Dahn used an illustration which compared the results of keyword search with the results of Precision Search. Traditional Boolean search using keywords may miss relevant cases because not every synonym is included in the search string, the English language is ambiguous and words have multiple meanings which could result in “false positives,” … right word, wrong meaning. A keyword search might retrieve 200 cases which have to be reviewed. Precision Search will narrow that result to 10 highly relevant cases.
Meet the Browse Box Precision Search presents results in a” Browse Box” Each case includes the traditional summary data: case name, citation and now also includes the exact issue and outcome as well as material facts. Another valuable new feature is a command “more like this” which quickly retrieves similar cases.
Current Limitations to Westlaw Precision
- There are currently eight topics available: Commercial law, Federal Civil Procedure, Federal Discovery and Evidence, Federal Remedies, Federal Class Actions, Employment, Securities, and Anti-trust.
- 15 more topics will be added by the end of 2023.
- The cases are limited to cases published in the last 12 years and older leading cases on the topic including any US Supreme Court decision related to the topic.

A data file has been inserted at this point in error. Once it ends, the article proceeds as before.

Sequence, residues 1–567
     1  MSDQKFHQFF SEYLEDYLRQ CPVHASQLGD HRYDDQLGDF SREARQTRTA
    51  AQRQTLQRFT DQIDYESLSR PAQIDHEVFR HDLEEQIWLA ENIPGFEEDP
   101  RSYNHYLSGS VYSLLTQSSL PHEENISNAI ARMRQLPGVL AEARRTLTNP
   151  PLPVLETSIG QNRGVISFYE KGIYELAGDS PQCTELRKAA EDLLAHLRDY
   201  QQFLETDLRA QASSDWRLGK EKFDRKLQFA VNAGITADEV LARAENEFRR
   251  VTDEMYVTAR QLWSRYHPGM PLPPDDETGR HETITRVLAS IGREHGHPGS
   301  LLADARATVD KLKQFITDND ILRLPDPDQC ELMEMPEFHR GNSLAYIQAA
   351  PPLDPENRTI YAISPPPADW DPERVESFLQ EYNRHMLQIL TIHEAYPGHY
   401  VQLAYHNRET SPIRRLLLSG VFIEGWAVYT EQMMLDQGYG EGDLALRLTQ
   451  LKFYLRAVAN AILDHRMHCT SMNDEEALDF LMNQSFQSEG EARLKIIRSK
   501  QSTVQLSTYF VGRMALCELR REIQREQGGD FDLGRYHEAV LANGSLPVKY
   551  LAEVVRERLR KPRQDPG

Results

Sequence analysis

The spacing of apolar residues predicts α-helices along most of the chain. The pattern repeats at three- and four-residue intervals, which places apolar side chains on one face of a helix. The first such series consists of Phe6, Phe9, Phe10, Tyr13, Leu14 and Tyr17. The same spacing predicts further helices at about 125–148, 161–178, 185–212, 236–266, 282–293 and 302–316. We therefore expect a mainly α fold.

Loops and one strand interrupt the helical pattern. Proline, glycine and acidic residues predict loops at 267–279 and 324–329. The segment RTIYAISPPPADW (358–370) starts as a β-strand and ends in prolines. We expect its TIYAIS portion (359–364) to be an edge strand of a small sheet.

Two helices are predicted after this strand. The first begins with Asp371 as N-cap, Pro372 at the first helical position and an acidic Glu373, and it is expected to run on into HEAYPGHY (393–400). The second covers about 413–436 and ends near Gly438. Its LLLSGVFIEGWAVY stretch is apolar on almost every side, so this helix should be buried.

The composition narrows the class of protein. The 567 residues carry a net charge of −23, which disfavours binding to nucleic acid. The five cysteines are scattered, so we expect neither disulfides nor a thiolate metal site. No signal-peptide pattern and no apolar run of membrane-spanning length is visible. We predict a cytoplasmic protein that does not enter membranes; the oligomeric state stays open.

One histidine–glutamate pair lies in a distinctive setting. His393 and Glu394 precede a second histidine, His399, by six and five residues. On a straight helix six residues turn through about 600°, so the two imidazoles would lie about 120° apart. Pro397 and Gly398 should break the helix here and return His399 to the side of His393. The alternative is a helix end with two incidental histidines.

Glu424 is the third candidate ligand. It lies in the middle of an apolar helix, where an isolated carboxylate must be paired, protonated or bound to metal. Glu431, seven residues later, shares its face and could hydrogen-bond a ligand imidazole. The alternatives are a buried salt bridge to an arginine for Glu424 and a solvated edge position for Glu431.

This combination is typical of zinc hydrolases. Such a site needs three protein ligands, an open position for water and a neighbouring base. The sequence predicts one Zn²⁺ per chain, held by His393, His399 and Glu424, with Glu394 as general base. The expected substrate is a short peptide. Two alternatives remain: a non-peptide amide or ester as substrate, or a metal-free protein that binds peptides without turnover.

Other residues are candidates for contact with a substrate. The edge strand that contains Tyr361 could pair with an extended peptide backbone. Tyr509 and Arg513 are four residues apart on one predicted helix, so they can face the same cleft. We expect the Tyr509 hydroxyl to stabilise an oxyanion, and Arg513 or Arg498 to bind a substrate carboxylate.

- Unreported cases are not included at this time.
Westlaw Precision Additional Features
The other five new features are:
- KeyCite Cited With: Shows related cases that have a pattern of being cited together even if neither cites the other
- KeyCite Overruled in Part: Indicates, via a new red-striped flag, that a case has been overruled in part and enables navigation directly to the language in the case discussing the point of law that has been overruled
- Graphical View of History: Displays a graphical visualization of research history, mapping out each step and highlighting the searches and documents with more research interaction
- Keep List/Hide Details: Allows users to save cases of interest and hide cases they have determined are not relevant to current research
- Outline Builder: Enables users to organize research with ease by dragging and dropping text into a customizable outline. Linked and formatted citations and KeyCite information integrate automatically, and the outline can easily be exported to begin drafting a brief.
What Lawyer Doesn’t Want Less Aggravation?
There is no question that the new Westlaw Precision features and Precision Search in particular can reduce the aggravation and drudgery of reviewing a long list of research results. “More cases like this” and “Keycite Overruled in Part” features are bound to be popular. I have rarely met an associate that “loved” diving in a complex legal research project. I suspect that TR’s biggest hurdle to adoption of Westlaw Precision will be tied to the cost of the upgrade. They may face some headwinds.